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Coronavirus Spreading From Humans to Wild Animals Would Be Like ‘Opening Pandora’s Box’

Want the best of VICE News straight to your inbox? Sign up here. When five tigers and three lions tested positive at the Bronx Zoo this month, they became the world’s first wild animals known to have contracted the coronavirus from humans. Scientists hope they’re also the last. “We likely got this from an animal,…

Coronavirus Spreading From Humans to Wild Animals Would Be Like ‘Opening Pandora’s Box’

Want the best of VICE News straight to your inbox? Sign up here.

When five tigers and three lions tested positive at the Bronx Zoo this month, they became the world’s first wild animals known to have contracted the coronavirus from humans.

Scientists hope they’re also the last.

“We likely got this from an animal, but now we are putting at risk the entire ecosystem on our planet,” said Arinjay Banerjee, a virologist at McMaster University.

Researchers were confident as early as January that the coronavirus that causes COVID-19 was zoonotic, or spreads from animals to humans. It took longer to confirm that the virus goes the other way, too.

SARS-CoV-2, the virus that causes COVID-19, infects certain animals more than others: Ferrets, hamsters, and primates are all susceptible. But the virus replicates poorly in dogs, pigs, ducks, and chickens, according to a study in Science. A handful of pet cats and dogs have also tested positive around the world, but they didn’t get very sick. Testing is in its early stages, so it’s unclear which other animal groups could be affected.

Wildlife managers around the world have ramped up protections for fragile populations like India’s tigers and great apes. Scientists in the U.S. are particularly concerned about animals that are already vulnerable to diseases, like bats and endangered black-footed ferrets. Since scientists believe a Chinese bat species is the source of the coronavirus, they’re concerned North American bats could also become carriers.

There’s no evidence that animals have given the virus back to people since the pandemic started. But if humans do spread the coronavirus to wildlife, it will become much harder to eradicate.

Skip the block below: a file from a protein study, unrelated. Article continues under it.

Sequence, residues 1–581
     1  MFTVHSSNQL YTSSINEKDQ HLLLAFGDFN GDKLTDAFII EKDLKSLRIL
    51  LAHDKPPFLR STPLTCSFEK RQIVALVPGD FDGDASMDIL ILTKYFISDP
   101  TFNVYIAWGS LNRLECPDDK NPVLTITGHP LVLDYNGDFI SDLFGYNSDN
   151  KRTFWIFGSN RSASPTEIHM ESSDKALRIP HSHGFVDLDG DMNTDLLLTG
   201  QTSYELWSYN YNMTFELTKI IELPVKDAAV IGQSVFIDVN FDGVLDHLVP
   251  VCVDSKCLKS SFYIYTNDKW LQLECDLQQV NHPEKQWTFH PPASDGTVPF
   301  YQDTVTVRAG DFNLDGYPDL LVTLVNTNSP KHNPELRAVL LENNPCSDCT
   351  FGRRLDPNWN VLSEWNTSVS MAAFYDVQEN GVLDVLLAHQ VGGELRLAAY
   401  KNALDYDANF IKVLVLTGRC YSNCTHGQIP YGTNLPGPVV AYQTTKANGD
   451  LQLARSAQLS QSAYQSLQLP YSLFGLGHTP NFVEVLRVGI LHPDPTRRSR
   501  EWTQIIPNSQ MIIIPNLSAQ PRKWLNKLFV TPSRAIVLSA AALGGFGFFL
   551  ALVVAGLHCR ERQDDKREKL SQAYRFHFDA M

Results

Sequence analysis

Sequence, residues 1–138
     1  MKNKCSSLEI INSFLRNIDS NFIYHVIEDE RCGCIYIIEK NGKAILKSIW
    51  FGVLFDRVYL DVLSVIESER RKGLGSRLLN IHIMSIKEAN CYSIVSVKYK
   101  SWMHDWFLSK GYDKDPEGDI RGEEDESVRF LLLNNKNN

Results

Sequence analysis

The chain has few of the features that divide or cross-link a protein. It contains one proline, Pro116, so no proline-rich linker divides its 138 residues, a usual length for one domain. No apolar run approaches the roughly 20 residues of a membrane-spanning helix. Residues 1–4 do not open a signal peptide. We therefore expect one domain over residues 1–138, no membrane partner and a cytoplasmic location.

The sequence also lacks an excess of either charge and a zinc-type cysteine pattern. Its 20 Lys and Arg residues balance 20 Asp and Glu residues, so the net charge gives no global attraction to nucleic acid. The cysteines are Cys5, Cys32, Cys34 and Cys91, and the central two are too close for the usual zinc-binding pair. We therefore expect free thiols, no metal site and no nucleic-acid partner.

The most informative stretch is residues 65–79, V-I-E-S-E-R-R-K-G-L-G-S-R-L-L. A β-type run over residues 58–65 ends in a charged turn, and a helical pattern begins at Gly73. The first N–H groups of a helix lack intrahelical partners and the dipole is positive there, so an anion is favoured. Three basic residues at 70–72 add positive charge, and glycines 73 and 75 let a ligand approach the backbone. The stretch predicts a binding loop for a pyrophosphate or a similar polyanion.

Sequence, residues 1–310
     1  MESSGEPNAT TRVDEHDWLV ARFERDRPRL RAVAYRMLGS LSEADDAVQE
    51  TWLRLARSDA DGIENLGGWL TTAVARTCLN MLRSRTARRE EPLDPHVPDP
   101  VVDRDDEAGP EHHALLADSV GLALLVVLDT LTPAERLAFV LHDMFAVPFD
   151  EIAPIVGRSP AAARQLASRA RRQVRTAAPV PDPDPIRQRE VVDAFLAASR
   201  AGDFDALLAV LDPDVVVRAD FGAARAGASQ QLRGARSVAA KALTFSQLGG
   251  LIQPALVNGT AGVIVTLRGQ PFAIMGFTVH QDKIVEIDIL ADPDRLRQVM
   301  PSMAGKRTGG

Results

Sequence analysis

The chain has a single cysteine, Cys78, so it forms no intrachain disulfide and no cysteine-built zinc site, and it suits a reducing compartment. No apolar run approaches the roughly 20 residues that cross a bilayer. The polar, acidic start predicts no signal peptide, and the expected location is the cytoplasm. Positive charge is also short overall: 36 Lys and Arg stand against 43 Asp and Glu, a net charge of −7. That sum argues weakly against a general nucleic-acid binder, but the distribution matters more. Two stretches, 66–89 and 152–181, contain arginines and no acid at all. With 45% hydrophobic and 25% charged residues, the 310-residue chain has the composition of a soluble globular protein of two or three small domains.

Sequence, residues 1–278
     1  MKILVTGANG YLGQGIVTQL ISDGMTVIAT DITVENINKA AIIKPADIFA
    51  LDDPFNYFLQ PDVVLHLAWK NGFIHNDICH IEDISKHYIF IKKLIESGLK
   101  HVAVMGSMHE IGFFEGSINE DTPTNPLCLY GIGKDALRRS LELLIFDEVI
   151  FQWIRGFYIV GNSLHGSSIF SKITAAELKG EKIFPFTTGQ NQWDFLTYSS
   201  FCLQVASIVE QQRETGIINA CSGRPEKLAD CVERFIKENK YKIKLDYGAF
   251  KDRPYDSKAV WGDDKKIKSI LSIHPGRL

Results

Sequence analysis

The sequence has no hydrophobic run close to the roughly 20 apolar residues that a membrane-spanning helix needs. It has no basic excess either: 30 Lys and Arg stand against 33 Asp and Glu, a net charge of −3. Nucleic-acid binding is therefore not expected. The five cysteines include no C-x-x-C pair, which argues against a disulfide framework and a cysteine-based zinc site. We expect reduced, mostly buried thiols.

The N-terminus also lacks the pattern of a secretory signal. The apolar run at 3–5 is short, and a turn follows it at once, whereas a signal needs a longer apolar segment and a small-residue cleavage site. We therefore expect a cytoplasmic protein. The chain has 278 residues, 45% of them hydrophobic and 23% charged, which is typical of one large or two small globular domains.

“Once it’s in wildlife, it’s very hard to get rid of it,” said Dr. William Karesh, EcoHealth Alliance’s executive vice president for health and policy. “It’s like opening Pandora’s box.”

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Federal judge rules Cuccinelli appointment unlawful

Because Cuccinelli’s USCIS position was designated initially as “first assistant” to the USCIS director, the Trump administration reasoned that Cuccinelli could become acting chief under a provision of the 1998 Federal Vacancies Reform Act. But Moss wrote th…

Federal judge rules Cuccinelli appointment unlawful

Because Cuccinelli’s USCIS position was designated initially as “first assistant” to the USCIS director, the Trump administration reasoned that Cuccinelli could become acting chief under a provision of the 1998 Federal Vacancies Reform Act.
But Moss wrote th…
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The fighter pilot takes on the astronaut: McSally’s 2020 Arizona mission

In Gilbert, a town of more than 200,000 people outside Phoenix, McSally satdown to talk local issues with the mayor outside a bustling coffee shop in the mild winter warmth before taking a walking tour of the small downtown, hitting up a few local spots to ha…

The fighter pilot takes on the astronaut: McSally’s 2020 Arizona mission

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Italy Set to Approve $442 Million Loan to Keep Alitalia Flying

Italy Set to Approve $442 Million Loan to Keep Alitalia Flying

Italy Set to Approve $442 Million Loan to Keep Alitalia Flying
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